11. The two sides agreed to continue discussions to expedite completion of the demarcation of the land boundary .It was decided to resume meetings of the Joint Boundary Working Groups (JBWG) to consider boundary-related issues in August 2005. Both sides agreed to address the issues related to exchange of enclaves and territories in adverse possessions as early as possible with the view to mitigating the sufferings of the people. The Indian side stressed the need for the early conduct of the joint census in the enclaves and adverse possessions.
  12. The two sides discussed sharing of the common rivers and agreed to carry on dialogue in this regard. In response to concerns raised by Bangladesh Foreign Secretary over the Indian River Linking Project, the Indian Foreign Secretary stated that India would not take any unilateral action, which would harm the interest of Bangladesh. Both sides stressed the need for convening the Joint Rivers Commission in Dhaka at a mutually convenient time at the earliest. It could be preceded by a meeting of the Secretaries of Water Resources Ministries.
  13. The two sides expressed satisfaction at expanding economic and commercial cooperation. The Indian side conveyed its sincerity to address Bangladesh’s concerns on the trade deficit, including through measures such as the removal of non-tariff and para-tariff barriers. In this context, the Indian side reiterated the importance of measures such as free trade agreements as well as border trade and establishment of border haats.
  14. Bangladesh welcomed the proposed visit by the Indian Minister for Commerce and Industry to Dhaka. They agreed that the revised Trade Agreement could be signed at an early date. It was also agreed that the bilateral Joint Working Group on Trade, para-tariff and non-tariff barriers and on customs matters should meet by August 2005.
  15. The two sides expressed their satisfaction that the text of the Bilateral Investment Protection and Promotion Agreement (BIPPA), acceptable to both the countries, is ready for signature at a suitable occasion.
  16. The two sides discussed issues relating to improved connectivity in the region. They agreed to explore the possibility of commencing Dhaka-Guwahati, Dhaka – Shillong, Dhaka – Siliguri bus services. Bangladesh side also requested India to facilitate a Dhaka-Kathmandu bus service. Issues relating to improvement of road and rail connectivity between the two countries were discussed.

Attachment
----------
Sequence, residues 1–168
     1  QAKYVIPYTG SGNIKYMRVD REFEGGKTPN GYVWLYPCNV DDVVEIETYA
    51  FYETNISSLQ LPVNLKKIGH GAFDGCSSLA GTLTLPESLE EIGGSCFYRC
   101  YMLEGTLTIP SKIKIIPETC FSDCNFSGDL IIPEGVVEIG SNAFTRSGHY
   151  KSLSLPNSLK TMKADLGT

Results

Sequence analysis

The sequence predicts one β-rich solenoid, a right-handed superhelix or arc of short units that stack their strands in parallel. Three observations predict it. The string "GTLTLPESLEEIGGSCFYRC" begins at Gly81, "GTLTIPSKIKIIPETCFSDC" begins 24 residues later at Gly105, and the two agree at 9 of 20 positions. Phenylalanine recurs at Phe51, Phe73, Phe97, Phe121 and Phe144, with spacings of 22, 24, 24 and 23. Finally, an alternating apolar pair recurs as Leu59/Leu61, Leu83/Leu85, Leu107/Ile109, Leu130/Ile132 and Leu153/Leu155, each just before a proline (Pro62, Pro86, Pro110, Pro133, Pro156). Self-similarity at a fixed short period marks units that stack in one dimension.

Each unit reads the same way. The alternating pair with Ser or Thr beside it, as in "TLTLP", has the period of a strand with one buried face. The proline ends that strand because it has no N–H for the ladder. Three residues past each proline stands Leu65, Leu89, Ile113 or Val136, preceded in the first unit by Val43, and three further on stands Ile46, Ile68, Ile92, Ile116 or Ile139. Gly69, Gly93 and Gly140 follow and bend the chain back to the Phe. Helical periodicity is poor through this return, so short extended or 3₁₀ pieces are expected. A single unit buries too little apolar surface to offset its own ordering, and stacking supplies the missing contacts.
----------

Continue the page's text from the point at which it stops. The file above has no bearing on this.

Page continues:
17. The Indian side invited a Bangladeshi delegation to visit in July ’05 to continue discussions on the extension of a US$ 150 million Line of Credit for infrastructure projects.
  18. Both sides discussed matters relating to the tri-nation gas pipeline and agreed to carry forward further discussions in this regard.
  19. The two sides agreed to increase cooperation in the fields of agriculture and science & technology. The Indian side offered increased training slots in India under its Indian Technical & Economic Cooperation (ITEC) Programme, including at its Institute for Training of Highway Engineers.
  20. The two sides expressed satisfaction that a draft cultural exchange programme had been agreed upon and could be signed shortly.
  21. The two sides stressed the importance of high level exchanges, including visits by Parliamentary delegations.
  22. The two sides exchanged views on regional and international issues, including India’s candidature for permanent membership of the Security Council in the context of the reform of the UN.
  23. The Indian Foreign Secretary mentioned that the Indian Prime Minister was looking forward to attending the forthcoming 13th SAARC Summit to be held in Dhaka. Bangladesh Foreign Secretary stated that Bangladesh would welcome him warmly.
  24. The Bangladesh Foreign Secretary deeply appreciated the warm welcome and gracious hospitality extended to him and his delegation during their stay in India.
  25. The Bangladesh Foreign Secretary invited the Indian Foreign Secretary to visit Dhaka for the next round of the Foreign Office Consultations, which was accepted with thanks.
  26. The meeting concluded with both sides committing to remain positively and constructively engaged with each other for further promotion of bilateral cooperation for the mutual benefit of the two peoples.

New Delhi
June 22, 2005